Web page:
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When you shop for homeowners insurance, you may run into several policy types. The most common choice is an HO-3 policy, but you may also have the option to buy an HO-5 policy. 

An HO-3 policy, also known as a special form policy, is by far the most commonly sold homeowners insurance policy, according to the National Association of Insurance Commissioners (NAIC). It covers your home, personal property, liability and loss of use.

An HO-5 policy is also known as a comprehensive form policy. Like an HO-3 policy, it covers the home, contents, liability, and loss of use. 

But compared to an HO-3 policy, an HO-5 policy offers more comprehensive contents coverage: where an HO-3 covers contents only for named perils at actual cash value, an HO-5 covers contents for all perils at replacement cost.

“The main difference between an HO-3 and an HO-5 home insurance policy is that an HO-5 policy is more comprehensive for your personal possessions,” says Loretta Worters, vice president of media relations for the Insurance Information Institute, an insurance industry association.

Below, we will cover the differences between HO-3 and HO-5 policies and how to choose the right home insurance for your needs.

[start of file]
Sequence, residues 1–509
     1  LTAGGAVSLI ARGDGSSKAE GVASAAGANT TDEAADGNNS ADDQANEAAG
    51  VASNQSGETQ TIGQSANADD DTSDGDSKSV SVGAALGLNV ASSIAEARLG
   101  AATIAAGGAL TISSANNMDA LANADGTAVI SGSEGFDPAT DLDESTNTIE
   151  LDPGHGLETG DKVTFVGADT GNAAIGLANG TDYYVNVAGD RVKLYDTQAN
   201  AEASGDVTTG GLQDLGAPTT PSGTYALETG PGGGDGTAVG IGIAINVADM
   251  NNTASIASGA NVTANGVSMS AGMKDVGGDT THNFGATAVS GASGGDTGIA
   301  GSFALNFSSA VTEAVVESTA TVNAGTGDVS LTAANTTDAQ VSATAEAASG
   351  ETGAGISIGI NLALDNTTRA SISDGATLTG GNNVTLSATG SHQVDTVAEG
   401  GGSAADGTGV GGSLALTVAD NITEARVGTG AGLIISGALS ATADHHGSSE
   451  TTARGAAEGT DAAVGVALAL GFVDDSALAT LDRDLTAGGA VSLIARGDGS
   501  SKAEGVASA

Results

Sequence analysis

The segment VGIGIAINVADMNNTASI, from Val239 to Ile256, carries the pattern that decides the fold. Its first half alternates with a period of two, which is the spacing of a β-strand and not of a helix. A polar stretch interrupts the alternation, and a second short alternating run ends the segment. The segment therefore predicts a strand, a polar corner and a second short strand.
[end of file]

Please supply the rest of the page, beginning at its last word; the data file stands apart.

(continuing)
Key Takeaways

  • HO-3 policies are the most commonly sold homeowners insurance policies and package together the coverage that every homeowner needs. 
  • HO-5 policies are similar to HO-3 policies, but they offer more protection at a slightly higher price. 
  • Understanding the key differences between these two types of policies can help you determine which type is best for you and your needs.

HO-3 vs. HO-5 insurance comparison chart

HO-3 and HO-5 are two types of homeowners insurance policies. They have differences and similarities, which we have outlined in the quick reference chart below so you can compare and contrast the coverage.

Dwelling coverageAll perils except those excludedAll perils except those excluded
Personal propertyOnly perils named in the policyAll perils except those excluded